Thus, from 1881 to the establishment of the GAUFCC, the denomination consisted of “two overlapping circles, one labelled ‘Unitarian’ and eager for organisation and propaganda, the other rejecting labels and treasuring comprehensiveness. Each side had its own college, its own newspaper and its own hymn book”.[3]

Present day[edit]

By 1928 these two “overlapping circles” had been reconciled in the same organisation: the GAUFCC. Over time the organisation has come to embrace a wider theological and philosophical diversity. “At one extreme are the ‘Free Christians’ who wish to remain part of the Church Universal; at the other are those who wish to move beyond Christianity.[4]

The congregations of GAUFCC contain members who hold diverse opinions. Indeed, Unitarians are able to embrace and gain insights from the great world religions, philosophies, arts and modern sciences.[5] The Unitarian Church does not follow one particular set of rules; owing to this, most Protestant denominations and Catholic dioceses do not recognise the baptisms or marriages it performs.[citation needed]

The official name is used on formal occasions, but in general use the organisation refers to itself and its members simply as Unitarian; the website URL is,[6] and the BBC religion page reflects this.[7] The denomination supports same sex marriage.[8]

Member churches[edit]

Many churches are architecturally significant and are listed buildings, often in the style known as Dissenting Gothic. Other churches have made a mark on public life, with historically significant members of the congregation or ministers. Either of these types may have a Wikipedia article.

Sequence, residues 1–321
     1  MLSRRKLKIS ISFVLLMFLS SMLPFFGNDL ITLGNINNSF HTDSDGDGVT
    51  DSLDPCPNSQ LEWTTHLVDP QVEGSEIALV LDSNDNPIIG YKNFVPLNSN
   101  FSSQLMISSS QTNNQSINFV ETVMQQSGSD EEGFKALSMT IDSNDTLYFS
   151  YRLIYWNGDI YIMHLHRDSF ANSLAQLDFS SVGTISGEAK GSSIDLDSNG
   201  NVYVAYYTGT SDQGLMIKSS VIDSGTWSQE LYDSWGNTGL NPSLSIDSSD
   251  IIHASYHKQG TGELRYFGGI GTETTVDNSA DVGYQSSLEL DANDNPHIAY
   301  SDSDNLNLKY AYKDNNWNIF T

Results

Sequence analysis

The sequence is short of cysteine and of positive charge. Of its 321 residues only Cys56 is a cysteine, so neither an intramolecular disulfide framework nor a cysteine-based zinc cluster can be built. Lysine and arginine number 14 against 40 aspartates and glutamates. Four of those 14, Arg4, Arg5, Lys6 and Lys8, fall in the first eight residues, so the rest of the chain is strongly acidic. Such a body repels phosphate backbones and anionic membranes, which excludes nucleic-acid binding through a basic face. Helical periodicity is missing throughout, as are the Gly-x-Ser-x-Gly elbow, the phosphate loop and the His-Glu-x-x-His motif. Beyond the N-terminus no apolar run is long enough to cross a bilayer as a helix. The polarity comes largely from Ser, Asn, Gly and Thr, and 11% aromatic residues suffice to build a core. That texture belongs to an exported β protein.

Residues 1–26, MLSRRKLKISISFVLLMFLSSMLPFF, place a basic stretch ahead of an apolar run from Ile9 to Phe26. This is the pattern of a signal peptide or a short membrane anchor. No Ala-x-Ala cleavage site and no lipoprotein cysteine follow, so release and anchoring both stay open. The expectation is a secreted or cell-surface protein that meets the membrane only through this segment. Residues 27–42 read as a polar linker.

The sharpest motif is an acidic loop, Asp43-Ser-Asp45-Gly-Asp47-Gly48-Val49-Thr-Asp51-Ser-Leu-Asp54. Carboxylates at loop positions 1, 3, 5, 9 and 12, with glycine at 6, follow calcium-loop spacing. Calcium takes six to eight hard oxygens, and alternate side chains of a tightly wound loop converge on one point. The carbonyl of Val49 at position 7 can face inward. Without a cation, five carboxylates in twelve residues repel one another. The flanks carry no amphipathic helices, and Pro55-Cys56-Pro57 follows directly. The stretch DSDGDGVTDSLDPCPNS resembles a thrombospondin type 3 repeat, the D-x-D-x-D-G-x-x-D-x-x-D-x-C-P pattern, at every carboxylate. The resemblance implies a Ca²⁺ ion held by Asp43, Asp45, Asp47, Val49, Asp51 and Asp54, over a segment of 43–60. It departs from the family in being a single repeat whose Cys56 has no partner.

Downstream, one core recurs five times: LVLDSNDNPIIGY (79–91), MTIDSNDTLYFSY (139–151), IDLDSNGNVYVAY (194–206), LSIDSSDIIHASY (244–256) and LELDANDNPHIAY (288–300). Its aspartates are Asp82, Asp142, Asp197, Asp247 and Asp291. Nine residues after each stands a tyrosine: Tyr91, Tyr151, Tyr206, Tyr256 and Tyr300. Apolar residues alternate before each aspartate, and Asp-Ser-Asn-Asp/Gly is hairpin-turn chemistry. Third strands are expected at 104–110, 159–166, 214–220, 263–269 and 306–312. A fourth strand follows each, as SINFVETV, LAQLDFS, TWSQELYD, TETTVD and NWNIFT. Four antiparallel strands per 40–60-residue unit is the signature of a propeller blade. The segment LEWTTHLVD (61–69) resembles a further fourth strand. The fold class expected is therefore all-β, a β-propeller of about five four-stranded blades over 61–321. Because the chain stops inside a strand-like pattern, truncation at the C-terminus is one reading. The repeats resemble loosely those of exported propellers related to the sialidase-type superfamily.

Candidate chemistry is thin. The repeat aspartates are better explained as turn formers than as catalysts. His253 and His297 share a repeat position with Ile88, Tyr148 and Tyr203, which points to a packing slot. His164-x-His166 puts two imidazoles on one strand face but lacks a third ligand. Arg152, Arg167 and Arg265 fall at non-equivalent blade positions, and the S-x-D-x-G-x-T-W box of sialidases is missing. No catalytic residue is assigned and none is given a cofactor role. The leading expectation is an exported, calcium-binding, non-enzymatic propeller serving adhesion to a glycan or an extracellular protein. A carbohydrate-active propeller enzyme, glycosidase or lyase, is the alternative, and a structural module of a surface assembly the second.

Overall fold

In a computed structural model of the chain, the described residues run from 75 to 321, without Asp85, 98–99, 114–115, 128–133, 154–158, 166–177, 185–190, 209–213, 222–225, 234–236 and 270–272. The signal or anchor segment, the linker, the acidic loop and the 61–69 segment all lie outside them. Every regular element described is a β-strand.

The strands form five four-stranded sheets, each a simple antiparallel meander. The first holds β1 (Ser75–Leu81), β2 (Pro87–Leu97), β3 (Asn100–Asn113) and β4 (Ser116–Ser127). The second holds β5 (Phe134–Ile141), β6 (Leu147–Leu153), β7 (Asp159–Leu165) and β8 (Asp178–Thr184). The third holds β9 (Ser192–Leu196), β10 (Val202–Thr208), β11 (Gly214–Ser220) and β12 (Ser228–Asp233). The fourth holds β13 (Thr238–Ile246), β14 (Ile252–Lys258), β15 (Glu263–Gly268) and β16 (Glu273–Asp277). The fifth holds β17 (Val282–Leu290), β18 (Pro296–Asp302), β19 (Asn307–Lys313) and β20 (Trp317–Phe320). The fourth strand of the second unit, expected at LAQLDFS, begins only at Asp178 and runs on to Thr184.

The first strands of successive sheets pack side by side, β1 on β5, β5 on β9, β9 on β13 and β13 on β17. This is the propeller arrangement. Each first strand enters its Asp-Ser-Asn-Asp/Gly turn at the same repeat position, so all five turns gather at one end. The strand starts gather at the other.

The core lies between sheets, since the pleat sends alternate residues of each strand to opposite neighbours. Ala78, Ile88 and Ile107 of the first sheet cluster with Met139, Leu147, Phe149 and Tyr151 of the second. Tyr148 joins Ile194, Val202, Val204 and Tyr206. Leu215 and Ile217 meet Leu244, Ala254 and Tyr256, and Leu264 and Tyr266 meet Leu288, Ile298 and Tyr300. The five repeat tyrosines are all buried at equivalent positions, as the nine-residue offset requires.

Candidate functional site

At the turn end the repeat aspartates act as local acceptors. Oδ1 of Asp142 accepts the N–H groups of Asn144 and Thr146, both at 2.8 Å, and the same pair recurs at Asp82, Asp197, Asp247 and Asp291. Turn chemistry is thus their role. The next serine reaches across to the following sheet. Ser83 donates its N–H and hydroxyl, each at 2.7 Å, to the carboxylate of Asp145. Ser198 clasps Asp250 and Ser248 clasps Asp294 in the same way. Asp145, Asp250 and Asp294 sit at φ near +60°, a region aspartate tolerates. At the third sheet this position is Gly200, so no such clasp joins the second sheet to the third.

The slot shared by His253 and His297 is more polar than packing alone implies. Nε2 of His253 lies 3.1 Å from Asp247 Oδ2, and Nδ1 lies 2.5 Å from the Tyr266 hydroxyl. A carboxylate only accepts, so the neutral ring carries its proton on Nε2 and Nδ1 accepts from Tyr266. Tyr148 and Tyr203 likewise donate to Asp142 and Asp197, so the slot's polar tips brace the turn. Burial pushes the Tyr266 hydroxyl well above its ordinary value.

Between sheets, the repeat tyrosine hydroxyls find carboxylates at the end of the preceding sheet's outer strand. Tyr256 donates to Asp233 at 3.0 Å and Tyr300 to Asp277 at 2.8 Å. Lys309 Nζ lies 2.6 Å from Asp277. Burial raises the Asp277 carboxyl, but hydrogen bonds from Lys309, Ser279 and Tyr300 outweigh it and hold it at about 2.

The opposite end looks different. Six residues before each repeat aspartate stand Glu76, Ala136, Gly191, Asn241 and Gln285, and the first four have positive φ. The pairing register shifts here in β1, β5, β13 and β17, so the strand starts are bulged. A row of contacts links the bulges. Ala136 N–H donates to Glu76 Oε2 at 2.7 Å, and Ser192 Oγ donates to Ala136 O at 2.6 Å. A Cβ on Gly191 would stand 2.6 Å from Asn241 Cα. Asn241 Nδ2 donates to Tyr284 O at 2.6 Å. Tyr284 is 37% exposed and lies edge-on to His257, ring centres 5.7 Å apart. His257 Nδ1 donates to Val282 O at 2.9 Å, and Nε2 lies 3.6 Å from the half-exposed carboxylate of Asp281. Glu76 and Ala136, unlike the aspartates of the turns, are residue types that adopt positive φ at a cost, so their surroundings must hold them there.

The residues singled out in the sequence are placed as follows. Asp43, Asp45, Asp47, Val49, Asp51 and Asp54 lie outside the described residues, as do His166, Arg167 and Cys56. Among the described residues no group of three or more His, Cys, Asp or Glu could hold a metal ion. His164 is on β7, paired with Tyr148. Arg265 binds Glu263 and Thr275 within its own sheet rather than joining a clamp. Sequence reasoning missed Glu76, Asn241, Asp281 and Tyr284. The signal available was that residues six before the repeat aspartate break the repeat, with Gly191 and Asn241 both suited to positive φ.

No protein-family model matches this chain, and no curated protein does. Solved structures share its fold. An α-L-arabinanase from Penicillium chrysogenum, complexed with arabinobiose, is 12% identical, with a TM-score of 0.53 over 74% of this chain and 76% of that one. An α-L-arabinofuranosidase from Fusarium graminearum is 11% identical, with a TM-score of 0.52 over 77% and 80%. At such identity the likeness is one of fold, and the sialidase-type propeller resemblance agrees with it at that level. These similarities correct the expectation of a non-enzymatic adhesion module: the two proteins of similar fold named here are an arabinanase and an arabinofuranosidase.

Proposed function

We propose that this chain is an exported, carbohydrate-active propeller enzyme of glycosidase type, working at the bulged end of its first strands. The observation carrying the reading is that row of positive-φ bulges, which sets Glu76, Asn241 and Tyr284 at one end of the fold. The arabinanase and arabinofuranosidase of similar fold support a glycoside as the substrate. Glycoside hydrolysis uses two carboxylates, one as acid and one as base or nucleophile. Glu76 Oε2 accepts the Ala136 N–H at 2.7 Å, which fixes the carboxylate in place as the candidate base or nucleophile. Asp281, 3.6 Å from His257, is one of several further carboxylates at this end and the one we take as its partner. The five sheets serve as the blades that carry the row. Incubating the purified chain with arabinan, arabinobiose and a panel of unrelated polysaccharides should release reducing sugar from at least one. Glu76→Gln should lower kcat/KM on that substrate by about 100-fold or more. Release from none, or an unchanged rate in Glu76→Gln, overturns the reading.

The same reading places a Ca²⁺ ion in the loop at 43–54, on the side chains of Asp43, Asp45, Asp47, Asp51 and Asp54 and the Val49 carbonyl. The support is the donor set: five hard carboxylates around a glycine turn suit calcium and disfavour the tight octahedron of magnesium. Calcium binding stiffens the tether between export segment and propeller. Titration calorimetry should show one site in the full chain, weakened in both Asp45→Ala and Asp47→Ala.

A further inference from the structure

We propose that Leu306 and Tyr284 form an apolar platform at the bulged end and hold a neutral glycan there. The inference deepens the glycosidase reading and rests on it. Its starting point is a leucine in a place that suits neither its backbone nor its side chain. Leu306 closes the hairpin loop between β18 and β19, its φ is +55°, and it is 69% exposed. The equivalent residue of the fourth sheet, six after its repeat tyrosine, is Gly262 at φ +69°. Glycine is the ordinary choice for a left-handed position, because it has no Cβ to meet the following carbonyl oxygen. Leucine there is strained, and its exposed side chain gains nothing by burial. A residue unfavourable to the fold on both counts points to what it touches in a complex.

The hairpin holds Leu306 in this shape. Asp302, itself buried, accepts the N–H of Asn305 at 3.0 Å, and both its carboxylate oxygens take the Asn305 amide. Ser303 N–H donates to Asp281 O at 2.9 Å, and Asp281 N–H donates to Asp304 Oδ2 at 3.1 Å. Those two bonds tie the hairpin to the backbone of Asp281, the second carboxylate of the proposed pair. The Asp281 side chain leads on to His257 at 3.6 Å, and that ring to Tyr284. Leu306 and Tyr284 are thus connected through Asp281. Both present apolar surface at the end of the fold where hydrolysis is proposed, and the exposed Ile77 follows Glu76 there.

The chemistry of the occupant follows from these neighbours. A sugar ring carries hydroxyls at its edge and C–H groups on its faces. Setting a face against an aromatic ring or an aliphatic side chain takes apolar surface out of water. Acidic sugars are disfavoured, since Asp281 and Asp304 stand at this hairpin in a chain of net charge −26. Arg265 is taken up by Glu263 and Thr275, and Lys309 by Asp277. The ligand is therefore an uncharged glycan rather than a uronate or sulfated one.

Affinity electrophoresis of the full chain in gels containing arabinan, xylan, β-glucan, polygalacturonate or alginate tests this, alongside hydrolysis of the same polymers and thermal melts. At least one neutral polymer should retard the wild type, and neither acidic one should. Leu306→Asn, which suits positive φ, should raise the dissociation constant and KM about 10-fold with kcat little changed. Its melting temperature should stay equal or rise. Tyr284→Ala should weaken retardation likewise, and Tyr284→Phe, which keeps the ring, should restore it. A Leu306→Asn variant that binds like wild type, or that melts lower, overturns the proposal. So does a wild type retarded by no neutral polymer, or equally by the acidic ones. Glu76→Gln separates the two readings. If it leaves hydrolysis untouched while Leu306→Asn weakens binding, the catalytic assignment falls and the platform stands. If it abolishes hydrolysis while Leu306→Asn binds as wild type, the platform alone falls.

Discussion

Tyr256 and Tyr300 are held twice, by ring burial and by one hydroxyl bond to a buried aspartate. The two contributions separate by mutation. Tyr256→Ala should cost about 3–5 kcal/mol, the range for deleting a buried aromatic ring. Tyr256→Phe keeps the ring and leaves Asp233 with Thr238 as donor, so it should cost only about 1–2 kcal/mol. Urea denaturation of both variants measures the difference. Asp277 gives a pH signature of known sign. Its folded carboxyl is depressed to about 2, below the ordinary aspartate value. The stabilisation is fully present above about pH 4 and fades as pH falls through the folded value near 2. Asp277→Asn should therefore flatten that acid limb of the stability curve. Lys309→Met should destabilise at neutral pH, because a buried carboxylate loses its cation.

Current churches[edit]

The General Assembly counts about 182 churches as members,[citation needed] including:

Previous churches[edit]

Some Unitarian church buildings are now used for other purposes:

Other church buildings have gone, but their congregations moved or merged with neighbours:

Those mentioned in articles[edit]

The following place articles mention the presence of their Unitarian churches:


The British Unitarians are a member of the International Council of Unitarians and Universalists and of the European Liberal Protestant Network. The Non-subscribing Presbyterian Church of Ireland maintains an Accord with the GAUFCC.

In addition to the approximately 170 congregations that are affiliated with the General Assembly, there are also groups within it. Some of these represent interests (history, music, international development, etc.), while others are of religious beliefs, most notably the Unitarian Christian Association and the Unitarian Earth Spirit Network.


The national structure of British Unitarians is headed by an elected president, who holds office for one year. This officer is the figurehead leader of the organisation. Day-to-day administration is in the hands of an Executive Committee, which is led by a Convenor, assisted by an Honorary Treasurer, a General Secretary (sometimes called Chief Officer), and other Executive Committee members.

At the regional level, British Unitarianism is grouped into Districts. There are currently 13 Districts in England, two in Wales, and one in Scotland. Each District has a similar structure to that at national level, with a President and a District Executive Committee. Some Districts appoint a District Minister.

Local congregations vary in size, structure, and practice, but there is a requirement for each congregation to have some form of established and formal leadership. In most cases this will include a local Council and usually also a Unitarian minister.

Notable British Unitarians[edit]

See also[edit]

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  1. ^ Hill, Christopher (1977), Milton and the English Revolution, Faber & Faber, London, pp. 71–76
  2. ^ Goring, J & R (1984), The Unitarians, p. 23
  3. ^ a b Goring, J & R (1984), The Unitarians, p. 24